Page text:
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IsaacKoi
2006-May-10, 09:36 PM
Hi,

During a radio debate on 21 July 2004, SETI scientist Seth Shostak said to ufo researcher Stanton Friedman that “You say a lot of misleading things about SETI”.

I wonder if members of this forum have any favourite example of bad astronomy in UFO books. I'm particularly interested in examples of straightforward and clear-cut factual _errors_, and not so interested in examples of alleged failures to apply logic or consider various factors.

The most extreme example of such errors that I've noted at the moment is from a book by a ufo author called Susy Smith. She included the following paragraph in her “Strangers from Space” (1977):

“A group of scientists who got together to consider the findings of Project Ozma, a radio astronomy observatory set up at Green Bank, West Virginia, in 1959, set the stage for the open mind in astronomy. When strong signals were heard unmistakably in intelligent code from one of the nearest suns likely to have planets - Tau Ceti - they issued this statement, known as the Green Bank Formula: ‘There are between 40 and 50 million worlds which are trying to signal us or are listening for messages from Earth”.

Reading the above paragraph, I lost count of the number of factual errors which would have SETI scientists groaning (or falling about laughing).

Kind Regards,

Isaac Koi

neilzero
2006-May-11, 12:21 AM
You are likely correct, that Susy Smith is wrong about this alleged quote, however when you consider the number of things our government and media lie about, considering the possibility is not irrational.
Nearly all books contain some glaring errors, so we should expect to find at least a few errors in books written by persons not educated in general science, nor one of the hard sciences.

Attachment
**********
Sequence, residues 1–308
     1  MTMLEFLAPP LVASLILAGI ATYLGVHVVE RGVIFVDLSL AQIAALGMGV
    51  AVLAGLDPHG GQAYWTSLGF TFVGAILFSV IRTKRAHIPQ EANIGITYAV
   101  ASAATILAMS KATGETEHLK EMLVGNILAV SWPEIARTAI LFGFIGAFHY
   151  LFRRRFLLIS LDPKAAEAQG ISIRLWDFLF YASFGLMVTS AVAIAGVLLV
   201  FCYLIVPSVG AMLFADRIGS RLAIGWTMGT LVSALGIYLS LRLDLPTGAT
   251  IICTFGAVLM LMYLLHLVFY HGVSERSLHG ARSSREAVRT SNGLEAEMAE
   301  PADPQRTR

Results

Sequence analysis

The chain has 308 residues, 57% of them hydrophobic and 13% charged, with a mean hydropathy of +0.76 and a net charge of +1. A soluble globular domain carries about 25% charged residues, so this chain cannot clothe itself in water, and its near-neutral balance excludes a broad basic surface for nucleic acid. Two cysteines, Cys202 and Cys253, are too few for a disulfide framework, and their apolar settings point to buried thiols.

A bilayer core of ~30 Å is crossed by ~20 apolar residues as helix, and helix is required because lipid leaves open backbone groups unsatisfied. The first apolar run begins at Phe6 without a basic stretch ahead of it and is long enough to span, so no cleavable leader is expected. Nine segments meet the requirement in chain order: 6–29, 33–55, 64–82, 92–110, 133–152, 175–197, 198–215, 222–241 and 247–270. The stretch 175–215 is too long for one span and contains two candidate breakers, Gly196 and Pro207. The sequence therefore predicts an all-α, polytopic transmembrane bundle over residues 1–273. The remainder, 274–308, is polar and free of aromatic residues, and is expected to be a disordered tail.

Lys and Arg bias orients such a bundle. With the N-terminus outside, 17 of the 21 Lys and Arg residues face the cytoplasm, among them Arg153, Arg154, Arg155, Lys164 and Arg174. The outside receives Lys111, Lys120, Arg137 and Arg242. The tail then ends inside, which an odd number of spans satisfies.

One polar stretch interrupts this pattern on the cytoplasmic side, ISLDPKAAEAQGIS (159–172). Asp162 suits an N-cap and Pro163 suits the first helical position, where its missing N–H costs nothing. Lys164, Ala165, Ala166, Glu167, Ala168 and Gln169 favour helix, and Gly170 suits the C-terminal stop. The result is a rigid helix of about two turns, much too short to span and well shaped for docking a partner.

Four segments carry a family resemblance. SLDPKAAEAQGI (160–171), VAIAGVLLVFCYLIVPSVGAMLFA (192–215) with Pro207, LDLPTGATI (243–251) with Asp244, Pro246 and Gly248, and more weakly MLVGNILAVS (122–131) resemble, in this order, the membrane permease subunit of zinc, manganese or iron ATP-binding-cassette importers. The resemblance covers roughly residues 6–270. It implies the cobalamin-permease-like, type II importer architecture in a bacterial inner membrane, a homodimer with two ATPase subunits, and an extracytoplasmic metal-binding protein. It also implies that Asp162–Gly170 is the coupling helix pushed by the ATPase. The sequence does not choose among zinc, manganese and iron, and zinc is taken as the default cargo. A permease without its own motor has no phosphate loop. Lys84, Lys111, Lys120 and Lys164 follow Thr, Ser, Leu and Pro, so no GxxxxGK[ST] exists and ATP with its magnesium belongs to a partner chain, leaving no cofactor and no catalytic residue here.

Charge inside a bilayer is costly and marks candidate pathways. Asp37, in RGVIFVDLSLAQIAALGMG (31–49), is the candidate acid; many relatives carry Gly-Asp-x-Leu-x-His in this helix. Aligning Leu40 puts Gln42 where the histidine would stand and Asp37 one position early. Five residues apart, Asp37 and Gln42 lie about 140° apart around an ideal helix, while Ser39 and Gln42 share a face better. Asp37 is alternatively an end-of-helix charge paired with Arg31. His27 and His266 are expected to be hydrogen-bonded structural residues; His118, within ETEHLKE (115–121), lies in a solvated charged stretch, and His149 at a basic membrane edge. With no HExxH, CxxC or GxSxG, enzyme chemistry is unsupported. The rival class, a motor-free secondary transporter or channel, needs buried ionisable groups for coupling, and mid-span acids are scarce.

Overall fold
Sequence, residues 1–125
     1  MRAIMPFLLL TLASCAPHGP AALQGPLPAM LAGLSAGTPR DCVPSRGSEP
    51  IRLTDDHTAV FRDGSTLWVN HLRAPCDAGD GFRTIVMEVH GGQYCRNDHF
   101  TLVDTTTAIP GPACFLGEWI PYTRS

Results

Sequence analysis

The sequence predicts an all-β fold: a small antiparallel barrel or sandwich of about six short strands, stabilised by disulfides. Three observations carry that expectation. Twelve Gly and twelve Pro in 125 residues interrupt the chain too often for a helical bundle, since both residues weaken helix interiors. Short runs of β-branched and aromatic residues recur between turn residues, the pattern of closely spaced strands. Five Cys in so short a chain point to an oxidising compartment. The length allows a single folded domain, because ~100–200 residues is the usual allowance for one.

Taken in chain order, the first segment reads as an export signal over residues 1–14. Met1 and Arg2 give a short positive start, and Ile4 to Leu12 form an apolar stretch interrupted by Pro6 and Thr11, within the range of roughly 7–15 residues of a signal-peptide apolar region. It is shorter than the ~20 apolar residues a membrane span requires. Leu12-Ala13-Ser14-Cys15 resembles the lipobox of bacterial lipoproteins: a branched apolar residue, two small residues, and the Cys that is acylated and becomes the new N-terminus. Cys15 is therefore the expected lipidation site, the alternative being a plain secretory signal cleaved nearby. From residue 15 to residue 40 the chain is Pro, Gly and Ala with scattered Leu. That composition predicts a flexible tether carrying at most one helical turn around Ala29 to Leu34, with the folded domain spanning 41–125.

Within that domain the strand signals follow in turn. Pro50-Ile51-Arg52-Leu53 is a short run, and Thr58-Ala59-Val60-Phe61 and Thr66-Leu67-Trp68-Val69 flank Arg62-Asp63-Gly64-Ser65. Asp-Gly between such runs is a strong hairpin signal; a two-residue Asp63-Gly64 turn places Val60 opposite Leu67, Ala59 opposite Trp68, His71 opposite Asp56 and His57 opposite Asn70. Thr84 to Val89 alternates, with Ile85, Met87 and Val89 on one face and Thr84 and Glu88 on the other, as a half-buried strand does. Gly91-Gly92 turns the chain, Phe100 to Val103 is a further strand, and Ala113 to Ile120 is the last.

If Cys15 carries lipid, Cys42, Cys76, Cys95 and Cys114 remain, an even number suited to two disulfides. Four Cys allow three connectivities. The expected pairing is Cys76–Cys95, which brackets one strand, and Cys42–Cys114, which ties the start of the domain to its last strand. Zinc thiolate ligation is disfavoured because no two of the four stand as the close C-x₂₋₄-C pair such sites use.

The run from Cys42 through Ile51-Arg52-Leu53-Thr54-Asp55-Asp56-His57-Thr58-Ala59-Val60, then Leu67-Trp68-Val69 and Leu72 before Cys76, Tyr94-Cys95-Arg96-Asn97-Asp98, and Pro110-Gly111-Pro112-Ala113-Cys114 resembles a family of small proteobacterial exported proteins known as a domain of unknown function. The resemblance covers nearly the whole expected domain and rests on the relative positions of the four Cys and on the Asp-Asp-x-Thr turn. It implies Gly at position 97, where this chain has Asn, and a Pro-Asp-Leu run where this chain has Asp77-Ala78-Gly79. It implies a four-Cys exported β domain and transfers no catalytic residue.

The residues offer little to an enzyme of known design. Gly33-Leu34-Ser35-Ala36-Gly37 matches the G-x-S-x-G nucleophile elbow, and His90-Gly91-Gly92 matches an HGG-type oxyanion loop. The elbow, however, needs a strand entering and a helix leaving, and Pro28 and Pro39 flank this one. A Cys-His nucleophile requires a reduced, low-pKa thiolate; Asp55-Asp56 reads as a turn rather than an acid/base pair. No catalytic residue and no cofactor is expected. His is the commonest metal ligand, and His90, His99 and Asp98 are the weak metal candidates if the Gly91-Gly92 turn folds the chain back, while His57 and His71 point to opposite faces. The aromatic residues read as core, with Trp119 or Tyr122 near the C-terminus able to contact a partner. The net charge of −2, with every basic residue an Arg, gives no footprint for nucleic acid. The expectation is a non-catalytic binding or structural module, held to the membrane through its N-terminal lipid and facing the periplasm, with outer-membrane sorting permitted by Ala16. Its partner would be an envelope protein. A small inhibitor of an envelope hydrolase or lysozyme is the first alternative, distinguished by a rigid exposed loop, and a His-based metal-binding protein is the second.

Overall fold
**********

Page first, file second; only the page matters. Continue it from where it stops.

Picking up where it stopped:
The late Phillip Klass made numerous false inferences, and glarring half truths, so this is common among debunkers as well as supporters of various UFO hypothesis.
My own hypothesis (for which I have no proof, nor compelling evidence) is somewhat like the movie "Men in Black" A vast array of not very smart aliens are here on Earth. Most of the time, they successfully place screen memories, so we don't remember accurately our encounters of the third kind. Even when the screen memory works poorly, the remembrence is so bazar the experiencer makes "corrections, edits and improvements" which in effect are self discrediting. Neil

Wolverine
2006-May-12, 12:31 AM
Moved from Astronomy to Small Media at Large.

PhantomWolf
2006-May-12, 12:59 AM
neilzero, I was going to ask what prove you had of any of your claims, but since you admit to having nada, I'm simply going to suggest you take a walk out in the sunlight and fresh air, and then I'll get back to work.

eburacum45
2006-May-12, 06:37 PM
One book I have , Looking fot the Aliens by Randles and Hough, has a bit of Bad Astronomy in it. They describe how a signal was picked up by the Cyclops radio antenna in 1976 apparently from the star 'Ophiuchi'. This signal has apparently defied explanation.

This signal is not one I am familiar with (the more famous 'Wow signal was picked up a year later) and there is no star named simply Ophiuchi; there is a constellation named Ophiuchus, and the brighter stars in that constellation are given designations starting with Alpha Ophiuchi, then Beta Ophiuchi and so on. Calling a star just Ophiuchi (twice!) indicates that Randles and Hough are unfamiliar with astronomical naming conventions.

Worse that that, but not yet in any book that I am aware of, is the great SERPO hoax; this is a convoluted tale about a group of American astronauts that were sent on an exchange mission to Zeta Reticuli. The details given for the orbit of the planet in this double system are laughable, and the separation of the two stars is wrong by a factor of several thousand; but still some people are hanging onto the belief that this is a true account.